Property developers in Australia are now doing all they can to increase sales of the housing units. Some agents are offering free iPads, and some are giving a discount as high as 100000 AUD. These things say a lot about the downturn of the Australian property market. This is said to be the lowest point for the property market in the last 35 years.
National house price in Australia fell 1.3 percent in December, the highest fall since 1983, and it resulted in an annual decline of 6.1 percent for the whole of 2018. And the price of houses in Sydney has fallen by 11.1 percent which is the lowest in the last 27 years.
Daniel Blake, the lead author of the Morgan Stanley report, said the steep downturn of the housing sector in Australia exposes the threat of recession particularly at the time of slowdown in Chinese growth. And the Australian households are vulnerable like any other G10 countries as growth here is heavily dependent on health, education, and infrastructure.
This slowdown in the market has ended a five-year growth and expansion of the house property market in Sydney that rose by 70 percent and household debts that rose by 120 percent of Gross Domestic Product of Australia. That had resulted in central banks of many countries cutting down interest rates to boost the demand for housing.
A decline in the Housing Price in Most cities-
Australian regulators have always wanted the price to be in moderation, which they have managed to do by lowering the interest rates, they hope a definite soft landing at a time when economic conditions are healthy with unemployment at 5.1 percent and the proportion of mortgages more than 30 days in arrears at a modest 1.5 percent.
But the rate the price is declining at, and the distress of some developers as banks have been clamping down poor lending practices force us to look at the sector’s health on an urgent basis.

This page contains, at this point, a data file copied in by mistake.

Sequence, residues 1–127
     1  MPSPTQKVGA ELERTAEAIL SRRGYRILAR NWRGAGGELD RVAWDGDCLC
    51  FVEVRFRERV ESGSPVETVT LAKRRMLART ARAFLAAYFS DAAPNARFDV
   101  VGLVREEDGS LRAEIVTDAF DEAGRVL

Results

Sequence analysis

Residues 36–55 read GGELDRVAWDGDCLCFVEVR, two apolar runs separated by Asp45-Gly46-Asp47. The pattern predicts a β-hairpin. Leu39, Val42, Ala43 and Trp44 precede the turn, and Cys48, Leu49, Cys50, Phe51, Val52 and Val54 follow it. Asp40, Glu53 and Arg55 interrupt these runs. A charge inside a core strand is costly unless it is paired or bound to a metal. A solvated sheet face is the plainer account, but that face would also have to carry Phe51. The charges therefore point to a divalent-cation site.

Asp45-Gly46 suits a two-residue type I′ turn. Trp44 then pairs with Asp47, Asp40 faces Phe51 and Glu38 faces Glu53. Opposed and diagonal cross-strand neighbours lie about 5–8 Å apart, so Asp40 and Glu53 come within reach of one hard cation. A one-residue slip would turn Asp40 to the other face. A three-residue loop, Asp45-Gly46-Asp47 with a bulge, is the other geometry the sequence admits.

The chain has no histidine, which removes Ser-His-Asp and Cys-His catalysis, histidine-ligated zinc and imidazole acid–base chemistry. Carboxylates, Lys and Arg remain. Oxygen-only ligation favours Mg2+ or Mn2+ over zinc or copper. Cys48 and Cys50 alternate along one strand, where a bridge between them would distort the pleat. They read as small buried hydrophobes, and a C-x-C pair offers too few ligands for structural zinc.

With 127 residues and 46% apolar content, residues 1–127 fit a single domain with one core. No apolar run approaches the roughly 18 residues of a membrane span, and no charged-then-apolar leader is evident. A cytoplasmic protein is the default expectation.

Recently Philip Lowe, Governor of the Reserve Bank of Australia warned the head of the banks to ensure smooth credit flow to households and businesses so that the economy doesn’t get damaged. From the starting of this year, Australia’s prudential regulator APRA also has done away with restrictions on interest-only mortgage lending to get credit flowing again to investors and owner-occupiers.
As the Central bank officials said, the 2008 crisis had taught every one of the importance of the consistent flow of credit. The countries which ensured the credit flow fared really well then the countries which did not. The lesson needs to be implemented in Australia as well in today’s house property market crisis.
The Australian economy also slowed in the last three months before September at only 0.3 percent growth, which was half of the forecasted rate of growth. It ultimately dragged the annual growth from 3.4 percent to 2.8 percent.
Some experts also believe that the house prices are going to fall even further and there are multiple reasons like poor affordability; tight credit; an increase in the supply of apartments; a dip in foreign demand; and proposed cuts to tax breaks for housing investors. So, these problems can take away a minimum of 1 percent growth of economy this year.
Though this downturn is not going to push Australia into recession, it will give less growth annually than expected. It would also expose the country to shocks from the outside like trade wars between the two largest economies of the World.
However, to avoid the low sales, developers are ready to cut their profit. They are offering many incentives to potential buyers. But, even with largest of discounts and best of amenities developers are facing troubles in getting their sales on track.
If the flow of credit remains this tight for the next part of the year, there will be multiple problems this year not only for the developers but also for the whole economy.
Victoria has recently joined our team as a content officer. She has written a number of news articles in a different niche such as Stock market, Emerging technologies, Economics, and various analysis. She has 10+ years of experience in writing and has interviewed multiple personalities of various backgrounds. She also loves to write books on personal finance.